California is currently suffering through its worst drought in at least a century, with 82 percent of the state facing "extreme" or "exceptional" drought. The before-and-after photos below offer a visual look at just how staggering the change has been.
Justin Sullivan, a photographer at Getty Images, recently took a number of aerial shots of California's Lake Oroville, the state's second-largest reservoir and a popular fishing and recreational site. He then compared them with similar images from 2011 taken by Paul Hames of the California Department of Water Resources.
Three years ago, in 2011, the lake was relatively flush with water. Today, the lake is at just 32 percent capacity (when full, it can hold 3.5 million acre feet of water). Run the slider over each picture to see the dramatic change:
Before and after of the Bidwell Marina in Lake Oroville
Before and after of the Enterprise Bridge
Before and after of boats in the Bidwell Marina
So what's going on here? As KQED's Dan Brekke pointed out back in April, Lake Oroville tends to rise and drop with the rain and snow — that's nothing new. Indeed, dry years in 2008 and 2009 also brought the lake down to similarly low levels. But then a series of storms helped build up the snowpack in the Sierra Nevada mountains and the spring runoff recharged the reservoir. By April 2013, the lake was back up to 90 percent capacity.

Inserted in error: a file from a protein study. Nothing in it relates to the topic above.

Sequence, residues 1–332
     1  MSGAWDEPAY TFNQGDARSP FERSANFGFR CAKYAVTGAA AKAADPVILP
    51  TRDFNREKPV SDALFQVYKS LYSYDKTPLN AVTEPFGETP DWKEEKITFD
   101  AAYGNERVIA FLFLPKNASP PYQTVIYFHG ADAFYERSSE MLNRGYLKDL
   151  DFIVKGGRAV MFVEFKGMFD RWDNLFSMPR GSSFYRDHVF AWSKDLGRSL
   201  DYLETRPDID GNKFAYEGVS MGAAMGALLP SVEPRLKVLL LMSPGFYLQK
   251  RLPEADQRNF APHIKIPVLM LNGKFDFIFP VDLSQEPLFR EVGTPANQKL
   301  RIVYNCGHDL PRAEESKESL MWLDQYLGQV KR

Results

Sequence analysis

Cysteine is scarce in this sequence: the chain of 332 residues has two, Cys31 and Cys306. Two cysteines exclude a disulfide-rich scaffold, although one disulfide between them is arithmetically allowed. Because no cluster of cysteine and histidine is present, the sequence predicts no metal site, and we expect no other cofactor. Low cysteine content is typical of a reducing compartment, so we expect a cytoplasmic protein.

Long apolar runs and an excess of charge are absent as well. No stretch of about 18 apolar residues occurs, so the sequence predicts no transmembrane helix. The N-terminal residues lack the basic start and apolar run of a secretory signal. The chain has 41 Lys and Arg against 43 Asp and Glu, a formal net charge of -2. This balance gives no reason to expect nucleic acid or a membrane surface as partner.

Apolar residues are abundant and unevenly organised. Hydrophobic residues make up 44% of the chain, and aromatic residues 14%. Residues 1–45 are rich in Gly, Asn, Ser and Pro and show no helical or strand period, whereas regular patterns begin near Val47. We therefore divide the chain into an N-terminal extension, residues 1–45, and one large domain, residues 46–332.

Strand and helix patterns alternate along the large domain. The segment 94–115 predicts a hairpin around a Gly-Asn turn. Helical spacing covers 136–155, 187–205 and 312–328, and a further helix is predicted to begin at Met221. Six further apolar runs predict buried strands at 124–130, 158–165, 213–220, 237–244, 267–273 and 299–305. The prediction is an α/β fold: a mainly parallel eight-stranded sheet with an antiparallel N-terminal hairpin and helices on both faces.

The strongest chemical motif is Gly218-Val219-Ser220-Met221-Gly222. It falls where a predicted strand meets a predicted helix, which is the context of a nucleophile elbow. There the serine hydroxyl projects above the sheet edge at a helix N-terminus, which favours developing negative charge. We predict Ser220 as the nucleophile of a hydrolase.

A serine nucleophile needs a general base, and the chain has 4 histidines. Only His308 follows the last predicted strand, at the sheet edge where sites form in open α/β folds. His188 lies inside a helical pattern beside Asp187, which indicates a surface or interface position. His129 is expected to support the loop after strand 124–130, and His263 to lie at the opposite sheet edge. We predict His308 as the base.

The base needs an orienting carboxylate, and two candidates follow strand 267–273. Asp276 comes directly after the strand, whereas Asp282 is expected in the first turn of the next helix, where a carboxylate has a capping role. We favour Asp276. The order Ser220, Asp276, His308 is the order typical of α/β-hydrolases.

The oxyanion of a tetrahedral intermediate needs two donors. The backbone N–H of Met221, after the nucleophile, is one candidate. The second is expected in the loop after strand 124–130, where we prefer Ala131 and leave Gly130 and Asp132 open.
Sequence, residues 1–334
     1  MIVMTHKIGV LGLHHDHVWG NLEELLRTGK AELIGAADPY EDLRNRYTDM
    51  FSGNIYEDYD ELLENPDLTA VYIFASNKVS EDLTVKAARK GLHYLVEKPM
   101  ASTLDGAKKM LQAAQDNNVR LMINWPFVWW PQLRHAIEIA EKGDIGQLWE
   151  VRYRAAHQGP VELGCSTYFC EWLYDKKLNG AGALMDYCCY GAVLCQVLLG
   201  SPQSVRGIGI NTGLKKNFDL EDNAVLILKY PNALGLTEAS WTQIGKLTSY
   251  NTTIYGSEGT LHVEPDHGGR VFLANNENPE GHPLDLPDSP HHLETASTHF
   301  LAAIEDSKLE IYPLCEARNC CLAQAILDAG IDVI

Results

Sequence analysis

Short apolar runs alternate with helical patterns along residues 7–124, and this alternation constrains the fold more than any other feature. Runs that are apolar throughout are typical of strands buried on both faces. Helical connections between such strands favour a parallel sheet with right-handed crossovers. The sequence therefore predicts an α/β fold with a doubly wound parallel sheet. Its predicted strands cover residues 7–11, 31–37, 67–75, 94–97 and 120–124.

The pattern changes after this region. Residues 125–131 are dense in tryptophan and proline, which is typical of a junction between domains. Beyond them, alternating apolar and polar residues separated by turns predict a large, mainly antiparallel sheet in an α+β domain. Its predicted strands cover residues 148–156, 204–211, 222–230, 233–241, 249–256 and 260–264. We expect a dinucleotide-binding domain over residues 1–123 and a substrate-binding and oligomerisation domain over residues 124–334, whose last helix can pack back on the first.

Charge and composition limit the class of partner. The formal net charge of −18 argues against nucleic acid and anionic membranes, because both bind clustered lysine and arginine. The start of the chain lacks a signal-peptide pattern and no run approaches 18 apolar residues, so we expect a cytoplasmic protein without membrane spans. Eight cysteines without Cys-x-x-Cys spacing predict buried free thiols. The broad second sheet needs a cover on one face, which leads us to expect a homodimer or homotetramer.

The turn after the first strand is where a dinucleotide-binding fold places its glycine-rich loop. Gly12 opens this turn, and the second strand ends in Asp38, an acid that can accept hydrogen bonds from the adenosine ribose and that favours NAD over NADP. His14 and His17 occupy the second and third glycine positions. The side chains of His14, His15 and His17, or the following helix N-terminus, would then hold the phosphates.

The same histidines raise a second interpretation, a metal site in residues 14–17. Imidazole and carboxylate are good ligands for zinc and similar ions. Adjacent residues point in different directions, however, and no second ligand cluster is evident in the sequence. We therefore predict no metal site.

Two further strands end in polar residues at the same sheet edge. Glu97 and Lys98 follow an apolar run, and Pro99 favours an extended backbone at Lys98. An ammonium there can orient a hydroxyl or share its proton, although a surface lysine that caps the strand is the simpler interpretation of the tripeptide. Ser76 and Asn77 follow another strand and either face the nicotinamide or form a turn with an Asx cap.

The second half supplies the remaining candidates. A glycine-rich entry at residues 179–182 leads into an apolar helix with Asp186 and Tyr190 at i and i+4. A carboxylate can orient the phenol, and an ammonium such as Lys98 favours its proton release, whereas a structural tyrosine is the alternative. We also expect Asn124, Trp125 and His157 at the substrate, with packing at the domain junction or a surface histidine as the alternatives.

But levels again fell dramatically this year — a warmer-than-usual winter meant that there was little snow in the mountains. At this point, the lake is down to 32 percent capacity — and water managers are limiting deliveries and conserving as much as possible, just in case this drought continues for more years to come.
This isn't an isolated incident. A recent study in Science found that the West has lost some 63 trillion gallons of surface and near-surface water during the current drought. Many of California's other key reservoirs are also running low. Shasta Lake, the state's largest reservoir on the Sacramento River, is at 30 percent capacity. Trinity Lake is at 29 percent capacity.
Earlier this year, there was some hope that El Niño would arrive in the Pacific, bringing wetter weather to California this winter (and helping to recharge the reservoirs). But scientists are now dialing back their expectations for El Niño, and its unclear how much of a reprieve the state will get.
These reservoirs aren't the only source of water in the state — but they're a crucial one. And with many lakes low or cutting deliveries, California's farmers are increasingly pulling water out of underground freshwater aquifers for their crops. That's troubling because it can take decades for rain to replenish those aquifers — and it means California will be less well-prepared if the drought lasts longer.
Further reading: California hasn't had a drought this bad since at least 1895